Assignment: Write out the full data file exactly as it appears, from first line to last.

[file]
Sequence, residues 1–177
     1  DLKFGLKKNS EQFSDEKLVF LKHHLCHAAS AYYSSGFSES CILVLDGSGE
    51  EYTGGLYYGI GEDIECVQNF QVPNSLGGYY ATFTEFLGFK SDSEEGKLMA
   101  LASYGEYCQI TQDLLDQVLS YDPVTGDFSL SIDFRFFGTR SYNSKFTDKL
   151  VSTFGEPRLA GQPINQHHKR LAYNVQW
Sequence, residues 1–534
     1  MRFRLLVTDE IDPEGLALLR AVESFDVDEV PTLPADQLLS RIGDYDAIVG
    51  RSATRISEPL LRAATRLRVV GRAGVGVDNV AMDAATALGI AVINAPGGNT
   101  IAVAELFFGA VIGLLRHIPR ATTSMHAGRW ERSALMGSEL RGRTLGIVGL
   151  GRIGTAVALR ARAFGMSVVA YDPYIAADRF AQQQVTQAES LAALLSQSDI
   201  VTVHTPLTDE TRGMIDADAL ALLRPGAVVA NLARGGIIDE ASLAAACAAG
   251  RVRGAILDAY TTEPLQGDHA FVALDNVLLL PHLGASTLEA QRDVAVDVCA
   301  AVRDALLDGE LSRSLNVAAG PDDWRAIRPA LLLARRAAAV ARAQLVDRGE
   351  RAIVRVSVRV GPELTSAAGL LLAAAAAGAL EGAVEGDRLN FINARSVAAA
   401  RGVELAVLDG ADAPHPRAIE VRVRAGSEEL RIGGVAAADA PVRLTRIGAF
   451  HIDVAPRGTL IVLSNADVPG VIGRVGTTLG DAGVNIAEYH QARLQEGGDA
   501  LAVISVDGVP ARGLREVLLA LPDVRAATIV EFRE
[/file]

Sequence, residues 1–177
     1  DLKFGLKKNS EQFSDEKLVF LKHHLCHAAS AYYSSGFSES CILVLDGSGE
    51  EYTGGLYYGI GEDIECVQNF QVPNSLGGYY ATFTEFLGFK SDSEEGKLMA
   101  LASYGEYCQI TQDLLDQVLS YDPVTGDFSL SIDFRFFGTR SYNSKFTDKL
   151  VSTFGEPRLA GQPINQHHKR LAYNVQW
Sequence, residues 1–534
     1  MRFRLLVTDE IDPEGLALLR AVESFDVDEV PTLPADQLLS RIGDYDAIVG
    51  RSATRISEPL LRAATRLRVV GRAGVGVDNV AMDAATALGI AVINAPGGNT
   101  IAVAELFFGA VIGLLRHIPR ATTSMHAGRW ERSALMGSEL RGRTLGIVGL
   151  GRIGTAVALR ARAFGMSVVA YDPYIAADRF AQQQVTQAES LAALLSQSDI
   201  VTVHTPLTDE TRGMIDADAL ALLRPGAVVA NLARGGIIDE ASLAAACAAG
   251  RVRGAILDAY TTEPLQGDHA FVALDNVLLL PHLGASTLEA QRDVAVDVCA
   301  AVRDALLDGE LSRSLNVAAG PDDWRAIRPA LLLARRAAAV ARAQLVDRGE
   351  RAIVRVSVRV GPELTSAAGL LLAAAAAGAL EGAVEGDRLN FINARSVAAA
   401  RGVELAVLDG ADAPHPRAIE VRVRAGSEEL RIGGVAAADA PVRLTRIGAF
   451  HIDVAPRGTL IVLSNADVPG VIGRVGTTLG DAGVNIAEYH QARLQEGGDA
   501  LAVISVDGVP ARGLREVLLA LPDVRAATIV EFRE